Content of the course and didactic vision

Ruling Europe is a first year BA course intended as an exploration of how political orders have been imagined, created, legitimized, and contested in Europe. As such, the course examines the multiple ways in which Europeans and those who have fallen under European rule have sought to make and unmake political orders since the onset of modern democratic regimes in the late eighteenth century.

The French Revolution not only marked a major rupture in the traditional interactions between rulers and ruled, but it altered in a much broader sense the way in which “the political” was conceived, justified, and contested. The consequence of this change in the language and mode of politics was dramatic: major revolutionary changes swept the continent and the political map of Europe, and subsequently the world, was redrawn many times over.

In the two centuries since, Europe has witnessed a large series of shifting regimes that vied for supremacy and sought to present themselves as best equipped to deal with the pressing political, social, economic, and cultural problems of their times. The result of these processes was not only a changing consideration and involvement of “the people” in politics, but also included major episodes of large-scale internal and external violence ranging from political repressions, persecution of minorities, civil wars and international conflicts to “total wars” and genocide.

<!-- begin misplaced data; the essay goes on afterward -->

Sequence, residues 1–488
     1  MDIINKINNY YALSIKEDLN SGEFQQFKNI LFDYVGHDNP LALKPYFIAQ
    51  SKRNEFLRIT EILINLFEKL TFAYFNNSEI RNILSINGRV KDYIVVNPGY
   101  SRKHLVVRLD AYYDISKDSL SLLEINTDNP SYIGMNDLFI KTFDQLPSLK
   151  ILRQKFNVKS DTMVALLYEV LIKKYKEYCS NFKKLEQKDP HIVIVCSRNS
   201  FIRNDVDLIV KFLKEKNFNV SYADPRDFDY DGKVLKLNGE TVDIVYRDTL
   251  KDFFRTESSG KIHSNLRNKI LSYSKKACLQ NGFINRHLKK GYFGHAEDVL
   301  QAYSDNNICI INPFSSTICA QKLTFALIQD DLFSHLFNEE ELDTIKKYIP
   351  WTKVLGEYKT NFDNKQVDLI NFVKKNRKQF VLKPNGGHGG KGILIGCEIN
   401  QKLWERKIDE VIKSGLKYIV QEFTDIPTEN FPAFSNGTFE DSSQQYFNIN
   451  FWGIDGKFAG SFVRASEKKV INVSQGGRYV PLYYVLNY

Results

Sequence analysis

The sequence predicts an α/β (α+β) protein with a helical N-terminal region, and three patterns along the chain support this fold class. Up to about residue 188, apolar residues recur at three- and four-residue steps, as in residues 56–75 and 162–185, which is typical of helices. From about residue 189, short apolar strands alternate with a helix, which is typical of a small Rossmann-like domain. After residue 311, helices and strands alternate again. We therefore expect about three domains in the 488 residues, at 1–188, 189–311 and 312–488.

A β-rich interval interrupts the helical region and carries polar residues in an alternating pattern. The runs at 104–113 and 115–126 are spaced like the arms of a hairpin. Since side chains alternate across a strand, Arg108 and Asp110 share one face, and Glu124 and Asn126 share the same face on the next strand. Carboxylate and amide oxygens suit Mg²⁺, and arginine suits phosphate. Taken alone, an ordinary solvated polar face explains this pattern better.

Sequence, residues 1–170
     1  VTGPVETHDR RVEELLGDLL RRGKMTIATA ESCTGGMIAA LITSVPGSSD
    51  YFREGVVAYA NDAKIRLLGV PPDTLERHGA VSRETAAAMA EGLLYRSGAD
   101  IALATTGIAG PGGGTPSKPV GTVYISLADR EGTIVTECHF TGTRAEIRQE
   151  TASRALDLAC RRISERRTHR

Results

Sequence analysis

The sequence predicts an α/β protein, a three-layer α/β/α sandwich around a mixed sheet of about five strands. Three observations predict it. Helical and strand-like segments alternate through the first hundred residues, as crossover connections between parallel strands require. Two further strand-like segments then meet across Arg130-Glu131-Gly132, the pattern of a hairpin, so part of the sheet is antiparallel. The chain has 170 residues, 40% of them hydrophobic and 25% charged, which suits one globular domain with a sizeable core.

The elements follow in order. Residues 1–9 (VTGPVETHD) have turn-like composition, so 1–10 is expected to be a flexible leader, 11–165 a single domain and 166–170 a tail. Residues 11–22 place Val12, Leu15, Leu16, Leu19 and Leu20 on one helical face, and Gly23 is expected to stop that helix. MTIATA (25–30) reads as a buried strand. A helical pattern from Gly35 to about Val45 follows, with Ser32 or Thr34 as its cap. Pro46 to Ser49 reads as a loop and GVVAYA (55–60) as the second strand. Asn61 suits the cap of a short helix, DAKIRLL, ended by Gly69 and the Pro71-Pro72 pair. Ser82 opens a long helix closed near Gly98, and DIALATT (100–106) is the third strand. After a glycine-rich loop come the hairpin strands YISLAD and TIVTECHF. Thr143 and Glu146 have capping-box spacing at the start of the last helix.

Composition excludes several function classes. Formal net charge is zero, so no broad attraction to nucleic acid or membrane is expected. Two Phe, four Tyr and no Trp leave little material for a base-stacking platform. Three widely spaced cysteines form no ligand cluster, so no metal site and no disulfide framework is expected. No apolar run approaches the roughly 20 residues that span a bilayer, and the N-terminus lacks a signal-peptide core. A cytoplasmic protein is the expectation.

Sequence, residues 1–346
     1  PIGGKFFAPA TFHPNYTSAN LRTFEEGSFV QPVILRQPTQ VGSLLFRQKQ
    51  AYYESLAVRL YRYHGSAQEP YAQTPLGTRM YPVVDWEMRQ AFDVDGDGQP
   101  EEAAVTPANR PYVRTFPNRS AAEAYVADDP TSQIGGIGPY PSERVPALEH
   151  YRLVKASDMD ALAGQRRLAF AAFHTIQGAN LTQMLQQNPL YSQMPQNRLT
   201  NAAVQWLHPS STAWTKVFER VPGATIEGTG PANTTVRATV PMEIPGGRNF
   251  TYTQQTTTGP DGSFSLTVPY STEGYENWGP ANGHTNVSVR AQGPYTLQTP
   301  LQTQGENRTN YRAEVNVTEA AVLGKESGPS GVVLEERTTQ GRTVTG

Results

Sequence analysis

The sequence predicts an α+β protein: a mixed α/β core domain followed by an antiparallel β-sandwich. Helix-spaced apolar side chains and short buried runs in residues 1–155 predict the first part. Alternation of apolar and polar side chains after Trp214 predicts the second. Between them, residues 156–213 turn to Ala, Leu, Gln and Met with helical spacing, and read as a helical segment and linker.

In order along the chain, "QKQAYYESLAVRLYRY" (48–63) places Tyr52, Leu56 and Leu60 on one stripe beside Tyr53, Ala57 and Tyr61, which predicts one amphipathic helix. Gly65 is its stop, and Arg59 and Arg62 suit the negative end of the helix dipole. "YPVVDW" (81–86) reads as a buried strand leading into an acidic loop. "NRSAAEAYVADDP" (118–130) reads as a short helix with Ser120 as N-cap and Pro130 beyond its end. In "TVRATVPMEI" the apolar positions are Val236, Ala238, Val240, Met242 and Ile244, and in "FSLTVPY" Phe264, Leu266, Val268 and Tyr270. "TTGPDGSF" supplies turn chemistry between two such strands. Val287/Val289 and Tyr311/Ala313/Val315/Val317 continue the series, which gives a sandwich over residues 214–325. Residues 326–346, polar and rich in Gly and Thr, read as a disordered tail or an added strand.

In Ruling Europe, we will explore these dynamics through a two-pronged approach. On the one hand, the course looks at the period as a sequence of changing political regimes that were expressions of both specific social and material realities as well as the outcome of a competition between different political ideologies. These ranged from absolute and limited monarchy to liberalism and socialism, liberal democracy and social democracy, communism and fascism. The course asks how different political regimes emerged, how they were legitimized, how the definition of who was part of the political community changed, why Europeans supported or challenged them, how they were eventually unmade or re-made, and what the legacies of these regimes are for present-day Europe.